I have very little recollection as to where this phrase came from.  I think it was from a friend, a list of her favourite things.  Way better than that “raindrops on windows and whiskers on kittens” or whatever that other crap was.

  • In your face, diabetic

Unfortunately for me, this is becoming more of a catchphrase than a quote.  Basically, every time something yummy is consumed that I am not allowed to eat, my good friend the expatter is all up in my grill with “in your face, diabetic”.

  • They make hot dogs out of parsnips

When the expatter came to visit me in Brighton, for the first time I think, we went to a vegetarian pub for lunch.  5olly and dotmund chose to go to a ‘normal’ pub instead, and this phrase was one of several texted to us in what was presumably a show of superiority.  The expatter’s answer was “yeah, well, in your place they make parsnips out of hot dogs”.  Which makes every bit as much sense as the first version.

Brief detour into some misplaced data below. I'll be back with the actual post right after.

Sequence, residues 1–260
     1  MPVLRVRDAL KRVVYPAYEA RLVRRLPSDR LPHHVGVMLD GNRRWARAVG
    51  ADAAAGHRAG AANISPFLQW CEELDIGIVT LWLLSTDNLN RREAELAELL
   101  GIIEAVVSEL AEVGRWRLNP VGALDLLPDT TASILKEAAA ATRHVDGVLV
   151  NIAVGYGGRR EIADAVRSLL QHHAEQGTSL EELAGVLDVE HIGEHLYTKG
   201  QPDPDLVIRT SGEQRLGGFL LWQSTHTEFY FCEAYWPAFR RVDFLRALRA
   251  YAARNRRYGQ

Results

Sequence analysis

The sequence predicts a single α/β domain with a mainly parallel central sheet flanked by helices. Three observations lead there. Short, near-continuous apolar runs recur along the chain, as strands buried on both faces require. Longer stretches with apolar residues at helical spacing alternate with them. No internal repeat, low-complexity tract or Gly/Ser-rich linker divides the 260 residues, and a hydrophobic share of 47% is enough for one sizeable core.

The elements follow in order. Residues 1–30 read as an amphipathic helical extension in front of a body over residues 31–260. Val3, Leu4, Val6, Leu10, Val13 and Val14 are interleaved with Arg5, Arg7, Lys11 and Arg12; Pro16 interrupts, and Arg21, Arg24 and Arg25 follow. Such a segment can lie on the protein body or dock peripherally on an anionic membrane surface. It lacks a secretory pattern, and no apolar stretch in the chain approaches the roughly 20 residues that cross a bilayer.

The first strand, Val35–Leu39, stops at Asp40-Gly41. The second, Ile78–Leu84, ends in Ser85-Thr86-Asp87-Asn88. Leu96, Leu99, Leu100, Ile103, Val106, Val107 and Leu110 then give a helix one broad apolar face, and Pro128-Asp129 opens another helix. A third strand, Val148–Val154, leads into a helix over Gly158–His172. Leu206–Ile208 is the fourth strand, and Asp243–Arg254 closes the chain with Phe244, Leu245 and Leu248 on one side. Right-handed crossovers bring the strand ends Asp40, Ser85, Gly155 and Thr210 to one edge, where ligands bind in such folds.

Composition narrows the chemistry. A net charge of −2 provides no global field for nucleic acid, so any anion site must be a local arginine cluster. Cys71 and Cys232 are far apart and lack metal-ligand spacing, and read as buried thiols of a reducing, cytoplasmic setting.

• Of course I don’t like him, he ate his wife!

This statement was made by me, it is totally not true, it is a horrible thing to say, but I said it, and the sentence makes me laugh.  The man in question did not, in fact, eat his wife, and he does not carry her fingers round in a little bag for snacks.  It’s all fictional.  The product of my diseased mind.

  • Does he stink?  Yes he does.  No he doesn’t.  Yes he does

This should be sung to the tune of the Spiderman theme tune.  From the cartoon, not the movies.  It’s a good tune to use when you’re making up songs, as I do fairly often.  This one was sung to our cat, Henry.  I said he stank.  Then I thought that was mean, so I took it back.  Then I realised that as mean as it was, it was true, so I restated the fact.  That is all.

  • It’s granola, it’s not a fucking souffle

I like homemade granola.  At one point I was making some and I wasn’t sure if it was done, so I went to check on it.  5olly told me to be careful, maybe I shouldn’t open the oven before it’s ready.  As I said, it’s granola, not a fucking souffle.

  • I always get Eels and Elbows mixed up

The bands, he meant.

  • Mr: “I like the Kings of Leon, I couldn’t say why though”
    Me: “I couldn’t either”

This is self-explanatory.  I wouldn’t know the Kings of Leon if I fell over them, but I couldn’t resist a little dig.  It’s my way.

  • Me: “Why are we watching this?”
    Mr: “It’s either this or Extreme Fishing with Robson Green”

Sometimes all your choices suck.